Multistage communication with and without verifiable types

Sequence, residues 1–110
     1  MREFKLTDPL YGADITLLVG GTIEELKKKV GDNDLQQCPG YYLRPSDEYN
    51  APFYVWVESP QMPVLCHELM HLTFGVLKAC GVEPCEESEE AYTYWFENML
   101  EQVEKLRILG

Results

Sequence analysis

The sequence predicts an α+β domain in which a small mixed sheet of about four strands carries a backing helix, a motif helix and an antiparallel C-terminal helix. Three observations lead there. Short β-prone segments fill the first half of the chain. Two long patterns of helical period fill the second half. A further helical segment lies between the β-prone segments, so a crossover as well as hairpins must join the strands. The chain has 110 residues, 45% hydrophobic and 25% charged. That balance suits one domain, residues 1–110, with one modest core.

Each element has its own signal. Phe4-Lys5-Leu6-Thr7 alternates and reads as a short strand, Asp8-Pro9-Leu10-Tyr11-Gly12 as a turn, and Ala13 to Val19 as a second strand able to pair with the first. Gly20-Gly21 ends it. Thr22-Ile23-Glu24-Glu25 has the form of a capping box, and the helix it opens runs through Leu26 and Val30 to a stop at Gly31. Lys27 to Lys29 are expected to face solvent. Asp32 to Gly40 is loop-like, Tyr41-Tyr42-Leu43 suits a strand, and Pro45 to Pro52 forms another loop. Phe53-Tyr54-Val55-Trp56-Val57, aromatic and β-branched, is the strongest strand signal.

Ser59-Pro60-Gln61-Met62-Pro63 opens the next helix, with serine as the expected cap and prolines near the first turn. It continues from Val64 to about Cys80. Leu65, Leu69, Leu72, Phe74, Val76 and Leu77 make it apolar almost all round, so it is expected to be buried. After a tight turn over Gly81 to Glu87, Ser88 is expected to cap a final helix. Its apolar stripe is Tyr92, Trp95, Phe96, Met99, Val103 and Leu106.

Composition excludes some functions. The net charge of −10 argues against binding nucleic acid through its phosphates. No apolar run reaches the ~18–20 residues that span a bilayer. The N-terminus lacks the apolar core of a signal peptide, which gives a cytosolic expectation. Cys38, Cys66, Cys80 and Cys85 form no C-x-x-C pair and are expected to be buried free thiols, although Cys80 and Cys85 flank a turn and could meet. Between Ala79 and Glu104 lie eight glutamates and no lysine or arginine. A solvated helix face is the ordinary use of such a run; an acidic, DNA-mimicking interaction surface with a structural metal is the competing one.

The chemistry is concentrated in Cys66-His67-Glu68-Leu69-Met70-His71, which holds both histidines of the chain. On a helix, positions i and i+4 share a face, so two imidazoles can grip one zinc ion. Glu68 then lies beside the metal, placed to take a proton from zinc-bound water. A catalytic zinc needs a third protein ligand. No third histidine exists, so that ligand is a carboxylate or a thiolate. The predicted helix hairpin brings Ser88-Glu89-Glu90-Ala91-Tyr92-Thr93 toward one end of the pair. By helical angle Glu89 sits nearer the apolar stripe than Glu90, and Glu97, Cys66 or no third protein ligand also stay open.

We survey the main results on strategic information transmission, which is often referred to as ``persuasion" when types are verifiable and as ``cheap talk" when they are not. In the simplest ``cheap talk'' model, an informed player sends a single message to a receiver who makes a decision. The players' utilities depend on the sender's information and the receiver's decision, but not on the sender's message. Furthermore, the messages that are available to the sender do not depend on his true information. As is well-known, such a unilateral ``cheap talk" can affect the sender's decision at equilibrium. In a more general model, both players can exchange simultaneous costless messages during several stages before the final decision. The utility functions are unchanged. Multistage conversation allows the players to reach more equilibrium outcomes, which possibly Pareto dominate the original ones. More precisely, the set of equilibrium outcomes of long cheap talk games is fully characterized; it increases with the number of communication stages and can become even larger if no deadline is imposed. Concentrating on cheap talk is not appropriate if the informed player can influence the decision maker by producing unfalsifiable documents. In order to capture this possibility formally, one assumes that the informed player's set of messages depends on his private information. The literature has mostly dealt with unilateral persuasion. But multistage, bilateral communication enables the players to reach more equilibrium outcomes in the case of verifiable types as in the case of unverifiable ones. Equilibria of long persuasion games are fully characterized when information can be certified at any precision level.
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